When you spend money with one of these corporate giants, you are sending your money outside of the local economy (at least part of it). If you use a local small business, you are keeping your funds in our local economy where we can hopefully help each other. You are also be more likely to support women in business. In fact, Pet Sitters International recently surveyed their members and estimated 81.4% of pet-sitting businesses are owned solely by women.

At Sit. Stay .Grow., we always have your pet’s best interest in mind, not quotas.


Why Daily Walks for Your Dog?

Why Daily Walks for Your Dog?


Even if your dog has access to a yard or a “run”, which is better than not, your best friend will benefit greatly from a daily walk.   

Dogs are not naturally sedentary creatures. They like to explore and use their keen senses to investigate the world. The opportunity to walk each day will make your dog happier and mentally-stimulated.

Walking promotes a normal weight, proper digestion, and even relieves constipation. Many common dog diseases can be avoided by brisk walks and regular exercise. A dog confined to a yard may not necessarily walk enough for these benefits.

Many unwelcome behavior issues are symptoms of too little exercise for your pooch. Chewing, barking, jumping-up, and general anxiety are attributable to too little stimulation for your pet. A rowdy dog is an under-exercised dog. 

Dogs learn confidence and trust from daily walking. They will grow to tolerate other dogs, animals, and people. They will become better-behaved in social situations.

People are often unable to walk their canine companions every day. Hectic work schedules, physical constraints, or vacations often preclude a daily walk for Fido. Sit. Stay. Grow. wants to help you keep your dog healthy and happy.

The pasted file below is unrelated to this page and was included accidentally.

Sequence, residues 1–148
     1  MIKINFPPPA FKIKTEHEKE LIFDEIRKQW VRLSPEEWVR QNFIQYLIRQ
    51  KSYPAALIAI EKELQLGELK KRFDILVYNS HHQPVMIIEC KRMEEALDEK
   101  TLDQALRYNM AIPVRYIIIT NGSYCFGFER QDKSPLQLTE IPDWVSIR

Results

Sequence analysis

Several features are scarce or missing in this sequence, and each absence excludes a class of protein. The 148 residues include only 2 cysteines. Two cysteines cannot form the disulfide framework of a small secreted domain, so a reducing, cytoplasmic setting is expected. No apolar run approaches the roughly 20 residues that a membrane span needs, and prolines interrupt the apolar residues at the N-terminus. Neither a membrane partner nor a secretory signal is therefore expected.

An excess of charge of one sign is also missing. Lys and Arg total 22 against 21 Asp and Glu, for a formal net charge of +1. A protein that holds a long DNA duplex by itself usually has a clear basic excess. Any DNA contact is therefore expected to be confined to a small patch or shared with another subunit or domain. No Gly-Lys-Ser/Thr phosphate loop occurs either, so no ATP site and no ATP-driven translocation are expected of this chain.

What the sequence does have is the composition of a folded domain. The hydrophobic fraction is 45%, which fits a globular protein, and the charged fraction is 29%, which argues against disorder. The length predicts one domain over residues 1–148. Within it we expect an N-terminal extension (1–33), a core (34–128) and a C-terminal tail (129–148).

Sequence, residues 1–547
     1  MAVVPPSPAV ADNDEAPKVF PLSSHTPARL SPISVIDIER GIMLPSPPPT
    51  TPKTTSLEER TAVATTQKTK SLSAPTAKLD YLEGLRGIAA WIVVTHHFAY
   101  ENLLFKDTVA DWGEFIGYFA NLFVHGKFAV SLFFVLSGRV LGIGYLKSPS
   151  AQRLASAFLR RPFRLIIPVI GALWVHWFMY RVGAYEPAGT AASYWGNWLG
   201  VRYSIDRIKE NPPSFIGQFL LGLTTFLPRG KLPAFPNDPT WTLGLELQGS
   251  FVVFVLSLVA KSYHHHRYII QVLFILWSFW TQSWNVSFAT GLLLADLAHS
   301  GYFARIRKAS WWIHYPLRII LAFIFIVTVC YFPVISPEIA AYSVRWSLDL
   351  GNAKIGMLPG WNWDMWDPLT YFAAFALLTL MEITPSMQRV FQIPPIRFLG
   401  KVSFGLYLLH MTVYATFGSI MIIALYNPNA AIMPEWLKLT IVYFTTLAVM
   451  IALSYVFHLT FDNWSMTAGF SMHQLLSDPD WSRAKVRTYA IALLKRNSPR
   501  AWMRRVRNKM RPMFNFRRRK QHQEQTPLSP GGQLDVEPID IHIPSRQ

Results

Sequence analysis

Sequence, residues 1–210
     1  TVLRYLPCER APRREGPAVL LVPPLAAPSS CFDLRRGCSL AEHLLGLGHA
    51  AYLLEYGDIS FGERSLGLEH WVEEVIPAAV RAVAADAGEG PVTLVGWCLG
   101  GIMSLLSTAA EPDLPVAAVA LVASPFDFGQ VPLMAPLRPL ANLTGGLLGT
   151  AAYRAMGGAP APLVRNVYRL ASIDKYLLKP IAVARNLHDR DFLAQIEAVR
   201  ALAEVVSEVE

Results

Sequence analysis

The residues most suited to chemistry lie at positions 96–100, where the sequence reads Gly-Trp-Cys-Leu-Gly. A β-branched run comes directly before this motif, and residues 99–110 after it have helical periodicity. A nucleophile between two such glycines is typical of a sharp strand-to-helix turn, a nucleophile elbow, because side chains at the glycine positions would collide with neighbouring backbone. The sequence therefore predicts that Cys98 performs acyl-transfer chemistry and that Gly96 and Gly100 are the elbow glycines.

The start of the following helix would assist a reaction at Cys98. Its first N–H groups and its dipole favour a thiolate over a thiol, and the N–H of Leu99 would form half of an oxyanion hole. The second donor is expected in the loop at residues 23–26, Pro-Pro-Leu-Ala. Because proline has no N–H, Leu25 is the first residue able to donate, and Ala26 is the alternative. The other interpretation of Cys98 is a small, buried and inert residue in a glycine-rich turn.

Sources for this article include:



www. tarynblythco. za


Teaching Your Dog to Walk on a Leash

Teaching Your Dog to Walk on a Leash


OK.  Your dog is not perfect. 

Dogs are not born knowing not to pull or lag behind during walks. They must be trained. Leashes curtail their normal tendencies to wander and explore.

Until your dog learns to walk properly on a leash, all walks should be considered short training sessions. It’s far better if the dog can be exercised prior to the training session. A tired dog is a good dog. Also, both the dog and you need to stay on task so, keep it short. 

You’ll need to walk at a quick pace and make sure you are always slightly ahead of your dog. If they are in front, they will believe they are the pack leader. Being the pack leader is actually more stressful for your dog because it makes them think they must respond to any impinging danger, i.e., the killer squirrel.  

If your dog pulls, stop immediately. You are a tree. Don’t move again until the pulling stops. If your dog pulls constantly,  you may have to resort to a collar correction to keep them in-line. Remember not to choke the dog. It’s a jerk, not a pull. Small dogs should be in a harness of some kind to prevent choking and dogs with small heads, like greyhounds, may need a limited slip-type collar. 

I strongly recommend the use of a flat-buckle collar for leash training. NO pinch, prong, or choke collars, please. Special “no-pull” harnesses are made for smaller dogs.

Some experts suggest using treats but I think treats can confuse dogs as to what they are being treated for and will increase their excitability during a walk.  If treats work for you, by all means, have at it! 

If a dog lags behind, do the tree thing again, and wait for any forward movement and then praise the dog profusely (and/or treat).

This all takes time and most dogs eventually “get it”. However, if you think you need more help, please consider a Certified Professional Dog Trainer (CPDT) for private or group sessions.   

Sit. Stay. Grow. is available to walk your dog as needed, privately. However, we prefer not to walk your dog with a pinch, prong, or choke collar.

Sources for this article include: